Army Not Giving Pardoned Admitted War Crimer Back His Boy Scout Badge -- No, The OTHER Pardoned War Crimer

Army Not Giving Pardoned Admitted War Crimer Back His Boy Scout Badge -- No, The OTHER Pardoned War Crimer

Army Maj. Mathew L. Golsteyn was facing charges of premeditated murder for the 2010 shooting of an Afghan man. Golsteyn had even confessed to the killing during a job interview with the Central Intelligence Agency. It was a bold answer to the otherwise trite question, "What is your greatest weakness?" The Army closed the case in 2013 but Golsteyn couldn't do the same with his mouth. He confessedagain to killing the man during a 2016 Fox News interview. The Army reopened the case.

Golsteyn never stood trial for his crimes because Donald Trump pardoned him last November -- which, we'd like to note for the record carries "an imputation of guilt." (Trump can thank the Supreme Court for that in Burdick vs. US.) Trump fancies himself a sort of superhero who specializes in saving accused war criminals. Trump tweeted that Golsteyn was charged with "killing a Taliban bomb maker." He wasn't, you know. He was charged with killing a "suspected bomb maker," who wasn't even on a list of "targets" the military was approved to kill. The suspect was already detained but there was a concern he could escape and go on a roaring rampage of revenge. During his interview with the CIA, Golsteyn said he took the suspected bomb maker off the base, shot him, and buried him in a shallow grave (he really tanked this job interview). He returned with two other soldiers later that night and dug up the body, returning it to the base and setting it on fire in a pit used to "dispose of trash." Unless there was compelling evidence the Afghan man was a vampire, Golsteyn is a complete monster. But that's who receives the president's mercy -- not immigrant children but men who start bonfires with the dead.

Fresh from his preemptive pardon, Golsteyn wanted to return to his old life as if nothing had happened. He requested that the Army reinstate his Special Forces tab. Lt. Gen. Francis M. Beaudette, the commander of U.S. Army Special Operations Command, denied the request, probably fully aware that this would piss off Trump. Golsteyn claimed he hadn't heard the news until the Washington Post reported it. The admitted war criminal is always the last to know.

GOLSTEYN: I'm disappointed, but I'm not surprised. I was really hoping they would do the right thing.

Beaudette declared in a December memorandum that Army Special Operations Command had "explicitly adhered to the Presidential Pardon," but he'd chosen to deny Golsteyn's request because his actions "demonstrated a lack of adherence to the Special Forces Creed, and our American and Army values." Beaudette isn't the final word, unfortunately. The Army's Board of Corrections for Military Records will consider whether to reinstate Golsteyn's Special Forces tab and a Distinguished Service Cross, which is the military's second-highest award for valor. Golsteyn's killing of the suspected bomb maker had no more "valor" than a mob hit. An administrative panel will also determine whether to expunge a letter of reprimand Golsteyn received for his murder charge.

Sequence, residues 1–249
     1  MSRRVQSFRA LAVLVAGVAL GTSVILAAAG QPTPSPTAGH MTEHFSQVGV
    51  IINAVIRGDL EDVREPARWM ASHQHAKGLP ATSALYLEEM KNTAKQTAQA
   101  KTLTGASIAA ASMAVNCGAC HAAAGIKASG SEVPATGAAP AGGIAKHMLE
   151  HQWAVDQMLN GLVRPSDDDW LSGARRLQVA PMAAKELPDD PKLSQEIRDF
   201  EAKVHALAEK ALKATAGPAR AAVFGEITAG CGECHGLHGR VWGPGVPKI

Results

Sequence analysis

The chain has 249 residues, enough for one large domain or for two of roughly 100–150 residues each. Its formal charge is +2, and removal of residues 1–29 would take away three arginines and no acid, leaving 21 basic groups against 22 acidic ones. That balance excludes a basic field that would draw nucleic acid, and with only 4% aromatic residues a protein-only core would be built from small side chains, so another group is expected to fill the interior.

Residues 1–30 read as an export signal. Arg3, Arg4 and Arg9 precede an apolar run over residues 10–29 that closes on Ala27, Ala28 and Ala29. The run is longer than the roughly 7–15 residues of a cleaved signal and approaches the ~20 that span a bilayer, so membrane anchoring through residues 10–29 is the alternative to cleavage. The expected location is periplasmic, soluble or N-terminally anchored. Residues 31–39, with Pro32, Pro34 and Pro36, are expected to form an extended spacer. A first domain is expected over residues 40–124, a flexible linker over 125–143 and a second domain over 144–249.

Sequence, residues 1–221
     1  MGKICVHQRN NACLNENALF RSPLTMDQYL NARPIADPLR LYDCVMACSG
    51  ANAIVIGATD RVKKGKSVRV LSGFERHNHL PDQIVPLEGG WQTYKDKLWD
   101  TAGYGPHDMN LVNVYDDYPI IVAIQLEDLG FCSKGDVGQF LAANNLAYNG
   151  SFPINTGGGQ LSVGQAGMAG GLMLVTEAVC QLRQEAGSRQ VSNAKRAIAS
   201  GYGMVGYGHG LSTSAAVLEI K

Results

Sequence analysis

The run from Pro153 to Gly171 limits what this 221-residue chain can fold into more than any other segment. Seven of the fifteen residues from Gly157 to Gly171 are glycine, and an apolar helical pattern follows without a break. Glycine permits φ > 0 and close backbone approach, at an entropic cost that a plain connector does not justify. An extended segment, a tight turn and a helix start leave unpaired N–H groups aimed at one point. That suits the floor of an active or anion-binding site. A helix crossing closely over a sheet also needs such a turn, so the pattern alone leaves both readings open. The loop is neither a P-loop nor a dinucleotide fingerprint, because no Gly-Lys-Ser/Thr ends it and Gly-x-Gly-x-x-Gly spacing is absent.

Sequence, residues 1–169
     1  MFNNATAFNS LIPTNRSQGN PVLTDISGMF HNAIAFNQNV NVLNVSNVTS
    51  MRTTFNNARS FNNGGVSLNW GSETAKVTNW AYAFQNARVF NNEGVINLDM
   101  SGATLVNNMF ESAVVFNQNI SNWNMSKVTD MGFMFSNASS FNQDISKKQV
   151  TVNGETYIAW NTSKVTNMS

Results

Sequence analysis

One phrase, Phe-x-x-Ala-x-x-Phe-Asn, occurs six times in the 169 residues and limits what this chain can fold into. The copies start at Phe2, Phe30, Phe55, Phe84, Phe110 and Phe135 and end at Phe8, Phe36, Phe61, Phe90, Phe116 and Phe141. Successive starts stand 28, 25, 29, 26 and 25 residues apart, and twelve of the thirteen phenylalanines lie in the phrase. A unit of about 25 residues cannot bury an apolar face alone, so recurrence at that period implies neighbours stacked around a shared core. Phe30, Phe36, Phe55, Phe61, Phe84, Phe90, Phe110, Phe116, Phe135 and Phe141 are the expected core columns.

When accused war criminal Edward Gallagher was at risk of losing his SEAL Trident pin, Trump intervened on his behalf. He might ignore military protocol and make some noise for Golsteyn as well. Golsteyn appeared with the president recently at a Republican fundraiser in Miami. He was joined by 1st Lt. Clint Lorance, whom Trump also pardoned last year. Lorance was serving time in Fort Leavenworth for the murder of two civilians. The fundraiser was closed-door, so we can't confirm if there were any military personnel present who weren't loyal war criminals.

[Washington Post]

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Stephen Robinson

Stephen Robinson is a writer and social kibbitzer based in Portland, Oregon. He writes make believe for Cafe Nordo, an immersive theatre space in Seattle. Once, he wrote a novel called “Mahogany Slade,” which you should read or at least buy. He's also on the board of the Portland Playhouse theatre. His son describes him as a “play typer guy."


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